In a small, early clinical trial, researchers at the University of Chicago Medical Center have found that combining eight ounces of grapefruit juice with the drug rapamycin can increase drug levels, allowing lower doses of the drug to be given. They also showed that the combination can be effective in treating various types of cancer.
For two decades, pharmacists have pasted DO-NOT-TAKE-WITH-GRAPEFRUIT-JUICE stickers on various pill bottles because it can interfere with the enzymes that break down and eliminate certain drugs. This interference makes the drugs more potent. In data presented at the AACR 100th Annual Meeting 2009, the Chicago researchers examine ways to exploit this fruit's medication-altering properties.
"Grapefruit juice can increase blood levels of certain drugs three to five times," said study director Ezra Cohen, MD, a cancer specialist at the University of Chicago Medical Center. "This has always been considered a hazard. We wanted to see if, and how much, it could amplify the availability, and perhaps the efficacy of rapamycin, a drug with promise for cancer treatment."
This trial was designed to test "whether we could use this to boost rapamycin's bioavailability to the patient's advantage, to determine how much the juice altered drug levels, and to assess its impact on anti-cancer activity and side effects," he said.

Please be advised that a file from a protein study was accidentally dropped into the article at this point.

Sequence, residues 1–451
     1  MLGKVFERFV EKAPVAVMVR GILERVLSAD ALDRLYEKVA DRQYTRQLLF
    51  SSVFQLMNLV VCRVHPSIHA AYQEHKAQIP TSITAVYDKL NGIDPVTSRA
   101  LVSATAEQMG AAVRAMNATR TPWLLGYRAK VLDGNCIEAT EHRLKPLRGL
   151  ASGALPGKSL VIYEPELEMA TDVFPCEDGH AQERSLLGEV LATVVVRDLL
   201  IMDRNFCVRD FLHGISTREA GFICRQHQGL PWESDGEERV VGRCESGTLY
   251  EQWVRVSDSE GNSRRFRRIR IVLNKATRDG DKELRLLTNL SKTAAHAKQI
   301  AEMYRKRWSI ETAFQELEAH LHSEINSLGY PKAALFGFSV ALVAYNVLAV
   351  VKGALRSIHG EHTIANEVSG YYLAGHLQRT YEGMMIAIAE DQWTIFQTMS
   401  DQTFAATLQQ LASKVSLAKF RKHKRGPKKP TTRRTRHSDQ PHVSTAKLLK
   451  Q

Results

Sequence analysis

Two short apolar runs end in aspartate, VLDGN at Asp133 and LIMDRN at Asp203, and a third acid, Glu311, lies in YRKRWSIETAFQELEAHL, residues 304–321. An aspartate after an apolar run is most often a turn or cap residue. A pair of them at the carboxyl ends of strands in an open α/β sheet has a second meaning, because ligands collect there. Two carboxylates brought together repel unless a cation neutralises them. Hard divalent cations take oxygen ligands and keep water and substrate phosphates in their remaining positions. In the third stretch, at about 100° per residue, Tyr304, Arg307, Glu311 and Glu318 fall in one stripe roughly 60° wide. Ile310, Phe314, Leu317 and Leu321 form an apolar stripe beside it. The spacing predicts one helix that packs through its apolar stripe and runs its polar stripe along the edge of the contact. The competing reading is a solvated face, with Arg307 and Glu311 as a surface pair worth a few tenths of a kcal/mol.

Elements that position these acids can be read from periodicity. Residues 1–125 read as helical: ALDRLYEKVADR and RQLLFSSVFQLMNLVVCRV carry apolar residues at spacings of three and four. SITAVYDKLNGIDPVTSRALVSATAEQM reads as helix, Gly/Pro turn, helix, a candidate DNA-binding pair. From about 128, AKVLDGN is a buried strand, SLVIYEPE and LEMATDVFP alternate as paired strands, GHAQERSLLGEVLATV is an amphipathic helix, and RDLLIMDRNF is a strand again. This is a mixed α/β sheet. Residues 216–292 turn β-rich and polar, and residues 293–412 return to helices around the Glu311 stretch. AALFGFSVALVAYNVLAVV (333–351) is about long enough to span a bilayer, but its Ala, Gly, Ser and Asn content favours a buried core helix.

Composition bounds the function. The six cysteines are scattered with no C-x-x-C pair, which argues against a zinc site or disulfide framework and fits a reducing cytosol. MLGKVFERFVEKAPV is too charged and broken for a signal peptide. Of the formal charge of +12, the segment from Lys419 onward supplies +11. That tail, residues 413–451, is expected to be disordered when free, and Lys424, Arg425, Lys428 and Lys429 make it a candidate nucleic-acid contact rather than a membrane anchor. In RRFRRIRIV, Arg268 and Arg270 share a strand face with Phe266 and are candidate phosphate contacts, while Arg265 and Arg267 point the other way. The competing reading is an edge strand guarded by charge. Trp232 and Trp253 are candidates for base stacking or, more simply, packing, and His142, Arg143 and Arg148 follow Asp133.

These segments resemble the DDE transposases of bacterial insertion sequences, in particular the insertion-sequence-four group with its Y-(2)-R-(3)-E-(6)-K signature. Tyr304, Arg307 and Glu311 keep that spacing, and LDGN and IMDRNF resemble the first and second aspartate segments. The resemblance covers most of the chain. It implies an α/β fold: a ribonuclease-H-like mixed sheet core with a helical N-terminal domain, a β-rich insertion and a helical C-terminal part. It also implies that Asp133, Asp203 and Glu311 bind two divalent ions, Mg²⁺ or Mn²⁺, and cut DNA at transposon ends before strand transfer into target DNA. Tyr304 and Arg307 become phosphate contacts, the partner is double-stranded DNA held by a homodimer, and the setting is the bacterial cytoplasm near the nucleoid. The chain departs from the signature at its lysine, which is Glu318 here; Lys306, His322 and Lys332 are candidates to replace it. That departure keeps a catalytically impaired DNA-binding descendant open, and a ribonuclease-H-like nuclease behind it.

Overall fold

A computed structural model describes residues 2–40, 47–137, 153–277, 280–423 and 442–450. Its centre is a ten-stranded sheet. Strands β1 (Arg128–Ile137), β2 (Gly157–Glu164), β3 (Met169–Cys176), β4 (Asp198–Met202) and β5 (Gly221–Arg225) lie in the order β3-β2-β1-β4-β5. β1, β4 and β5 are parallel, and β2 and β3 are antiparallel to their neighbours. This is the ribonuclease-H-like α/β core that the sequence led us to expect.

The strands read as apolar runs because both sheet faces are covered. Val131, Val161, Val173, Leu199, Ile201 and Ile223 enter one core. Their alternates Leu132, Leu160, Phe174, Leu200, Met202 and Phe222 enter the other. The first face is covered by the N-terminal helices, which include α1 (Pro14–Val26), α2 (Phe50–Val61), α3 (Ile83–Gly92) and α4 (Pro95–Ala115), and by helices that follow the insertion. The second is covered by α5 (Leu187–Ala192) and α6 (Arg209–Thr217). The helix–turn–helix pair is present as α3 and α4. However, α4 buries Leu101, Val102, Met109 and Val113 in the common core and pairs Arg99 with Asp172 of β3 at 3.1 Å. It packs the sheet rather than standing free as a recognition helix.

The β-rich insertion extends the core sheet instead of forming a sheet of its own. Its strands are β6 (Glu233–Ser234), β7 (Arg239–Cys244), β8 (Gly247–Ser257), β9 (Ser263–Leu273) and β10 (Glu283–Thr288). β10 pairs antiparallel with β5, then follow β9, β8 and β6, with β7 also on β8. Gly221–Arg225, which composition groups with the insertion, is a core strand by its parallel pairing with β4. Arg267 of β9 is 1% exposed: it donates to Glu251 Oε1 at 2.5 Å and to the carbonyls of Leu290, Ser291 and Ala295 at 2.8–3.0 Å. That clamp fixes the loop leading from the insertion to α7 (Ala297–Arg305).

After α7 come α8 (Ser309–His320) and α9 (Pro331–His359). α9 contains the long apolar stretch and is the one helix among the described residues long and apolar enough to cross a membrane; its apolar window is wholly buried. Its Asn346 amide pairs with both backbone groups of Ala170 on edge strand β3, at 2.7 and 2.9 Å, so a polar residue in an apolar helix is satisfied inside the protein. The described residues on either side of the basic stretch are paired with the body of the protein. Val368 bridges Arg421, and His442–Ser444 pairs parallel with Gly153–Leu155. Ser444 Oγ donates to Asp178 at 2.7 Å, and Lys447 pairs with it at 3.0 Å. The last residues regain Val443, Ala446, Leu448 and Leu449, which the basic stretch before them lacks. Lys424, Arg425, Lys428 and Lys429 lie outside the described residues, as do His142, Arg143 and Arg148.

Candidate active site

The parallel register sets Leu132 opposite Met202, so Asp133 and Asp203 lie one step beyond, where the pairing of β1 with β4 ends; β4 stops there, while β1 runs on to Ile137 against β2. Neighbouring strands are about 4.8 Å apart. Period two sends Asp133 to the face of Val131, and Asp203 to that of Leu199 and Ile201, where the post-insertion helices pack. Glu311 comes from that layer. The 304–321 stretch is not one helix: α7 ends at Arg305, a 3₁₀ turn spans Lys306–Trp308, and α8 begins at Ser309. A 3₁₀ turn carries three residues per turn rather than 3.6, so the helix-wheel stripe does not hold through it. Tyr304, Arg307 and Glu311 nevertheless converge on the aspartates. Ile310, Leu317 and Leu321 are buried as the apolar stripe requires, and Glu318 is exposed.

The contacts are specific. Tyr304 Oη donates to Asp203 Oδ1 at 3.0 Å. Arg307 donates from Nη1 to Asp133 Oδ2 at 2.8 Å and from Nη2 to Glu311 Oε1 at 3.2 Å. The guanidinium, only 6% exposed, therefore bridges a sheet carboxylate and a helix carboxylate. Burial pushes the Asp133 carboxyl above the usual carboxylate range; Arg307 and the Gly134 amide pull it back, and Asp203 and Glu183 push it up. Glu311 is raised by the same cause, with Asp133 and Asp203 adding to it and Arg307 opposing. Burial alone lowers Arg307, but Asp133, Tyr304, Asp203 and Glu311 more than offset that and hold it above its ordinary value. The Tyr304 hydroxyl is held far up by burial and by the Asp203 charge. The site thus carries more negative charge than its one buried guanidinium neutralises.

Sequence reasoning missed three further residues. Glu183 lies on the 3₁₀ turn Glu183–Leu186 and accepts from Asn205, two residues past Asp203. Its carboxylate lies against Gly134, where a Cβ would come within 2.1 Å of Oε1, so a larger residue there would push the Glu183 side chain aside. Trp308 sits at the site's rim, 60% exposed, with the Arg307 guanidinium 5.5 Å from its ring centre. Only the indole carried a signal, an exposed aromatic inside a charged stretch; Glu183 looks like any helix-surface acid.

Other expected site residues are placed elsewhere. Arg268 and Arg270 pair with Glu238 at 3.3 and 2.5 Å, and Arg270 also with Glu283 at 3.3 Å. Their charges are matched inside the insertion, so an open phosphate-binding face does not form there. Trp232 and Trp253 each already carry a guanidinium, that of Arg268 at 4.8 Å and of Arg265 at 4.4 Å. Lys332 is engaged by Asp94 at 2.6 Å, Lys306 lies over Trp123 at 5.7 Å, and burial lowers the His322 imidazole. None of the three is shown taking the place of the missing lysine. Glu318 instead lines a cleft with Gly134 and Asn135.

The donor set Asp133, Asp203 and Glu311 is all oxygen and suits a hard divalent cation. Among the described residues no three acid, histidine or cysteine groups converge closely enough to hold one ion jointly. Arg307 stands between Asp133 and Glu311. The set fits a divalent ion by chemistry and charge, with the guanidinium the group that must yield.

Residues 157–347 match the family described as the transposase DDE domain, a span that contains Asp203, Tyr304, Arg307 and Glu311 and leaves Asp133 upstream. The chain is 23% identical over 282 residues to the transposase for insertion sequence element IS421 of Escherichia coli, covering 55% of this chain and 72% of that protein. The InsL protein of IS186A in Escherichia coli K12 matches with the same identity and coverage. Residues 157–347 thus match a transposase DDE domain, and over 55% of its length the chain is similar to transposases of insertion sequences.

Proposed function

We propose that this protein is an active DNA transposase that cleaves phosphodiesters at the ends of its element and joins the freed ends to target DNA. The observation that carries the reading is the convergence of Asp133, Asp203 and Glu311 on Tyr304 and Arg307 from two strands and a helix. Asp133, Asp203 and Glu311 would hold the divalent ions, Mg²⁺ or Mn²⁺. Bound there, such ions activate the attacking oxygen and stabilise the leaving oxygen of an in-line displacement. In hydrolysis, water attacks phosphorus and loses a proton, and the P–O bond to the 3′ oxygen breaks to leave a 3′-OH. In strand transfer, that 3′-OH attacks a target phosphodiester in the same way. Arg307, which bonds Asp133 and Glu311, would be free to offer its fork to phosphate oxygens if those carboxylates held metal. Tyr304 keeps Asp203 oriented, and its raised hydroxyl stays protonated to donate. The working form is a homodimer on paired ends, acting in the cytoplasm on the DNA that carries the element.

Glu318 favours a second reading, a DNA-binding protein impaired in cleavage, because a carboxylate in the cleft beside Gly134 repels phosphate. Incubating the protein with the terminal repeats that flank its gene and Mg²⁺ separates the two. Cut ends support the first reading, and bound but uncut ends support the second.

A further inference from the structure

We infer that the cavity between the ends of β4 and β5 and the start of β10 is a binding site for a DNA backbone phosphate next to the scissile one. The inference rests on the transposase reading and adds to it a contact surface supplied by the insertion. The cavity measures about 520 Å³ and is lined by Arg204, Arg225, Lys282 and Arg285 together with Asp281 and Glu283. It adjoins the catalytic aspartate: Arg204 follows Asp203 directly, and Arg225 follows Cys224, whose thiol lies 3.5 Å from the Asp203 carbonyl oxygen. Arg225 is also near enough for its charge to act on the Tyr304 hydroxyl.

The study followed 28 patients with advanced solid tumors, for which there is no effective treatment. The dose of the drug increased with each group of five patients, from 15 milligrams up to 35. Patients took the drug by mouth, as a liquid, once a week.
Beginning in week two, they washed it down with a glass of grapefruit juice (Citius paradisi), taken immediately after the rapamycin and then once a day for the rest of the week.
Twenty-five participants remained in the study long enough to be evaluated. Seven of those 25 (28%) had stable disease, with little or
|Contact: John Easton|
University of Chicago Medical Center